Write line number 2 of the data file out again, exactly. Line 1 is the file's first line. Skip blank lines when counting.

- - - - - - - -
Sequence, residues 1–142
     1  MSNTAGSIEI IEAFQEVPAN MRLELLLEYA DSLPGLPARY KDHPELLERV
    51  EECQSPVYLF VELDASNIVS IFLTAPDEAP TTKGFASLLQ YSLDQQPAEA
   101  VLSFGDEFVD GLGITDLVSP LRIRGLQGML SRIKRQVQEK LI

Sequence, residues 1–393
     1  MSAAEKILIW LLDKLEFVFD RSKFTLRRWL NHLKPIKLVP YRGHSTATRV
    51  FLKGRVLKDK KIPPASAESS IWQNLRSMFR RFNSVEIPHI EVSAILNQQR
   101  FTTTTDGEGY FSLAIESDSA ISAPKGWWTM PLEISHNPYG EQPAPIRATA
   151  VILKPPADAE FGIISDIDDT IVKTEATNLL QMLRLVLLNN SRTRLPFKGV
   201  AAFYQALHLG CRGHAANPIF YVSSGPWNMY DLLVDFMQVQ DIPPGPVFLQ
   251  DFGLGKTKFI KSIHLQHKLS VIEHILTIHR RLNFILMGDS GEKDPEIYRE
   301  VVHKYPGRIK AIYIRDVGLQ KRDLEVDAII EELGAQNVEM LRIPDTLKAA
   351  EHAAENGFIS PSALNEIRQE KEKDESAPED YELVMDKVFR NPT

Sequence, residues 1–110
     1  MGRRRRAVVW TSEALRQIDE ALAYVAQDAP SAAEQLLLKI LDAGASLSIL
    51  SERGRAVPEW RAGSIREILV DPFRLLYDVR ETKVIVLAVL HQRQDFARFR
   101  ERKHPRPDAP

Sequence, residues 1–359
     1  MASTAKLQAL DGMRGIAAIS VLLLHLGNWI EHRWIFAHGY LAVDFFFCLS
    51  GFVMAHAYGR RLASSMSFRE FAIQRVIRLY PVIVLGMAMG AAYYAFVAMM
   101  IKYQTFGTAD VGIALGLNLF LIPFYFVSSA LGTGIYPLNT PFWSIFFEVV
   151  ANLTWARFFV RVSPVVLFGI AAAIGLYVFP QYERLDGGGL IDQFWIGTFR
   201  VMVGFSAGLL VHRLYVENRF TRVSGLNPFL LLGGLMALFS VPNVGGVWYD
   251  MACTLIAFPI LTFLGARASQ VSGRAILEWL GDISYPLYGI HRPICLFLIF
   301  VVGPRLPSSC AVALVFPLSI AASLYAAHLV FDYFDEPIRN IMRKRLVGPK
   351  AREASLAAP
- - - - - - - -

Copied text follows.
     1  MSNTAGSIEI IEAFQEVPAN MRLELLLEYA DSLPGLPARY KDHPELLERV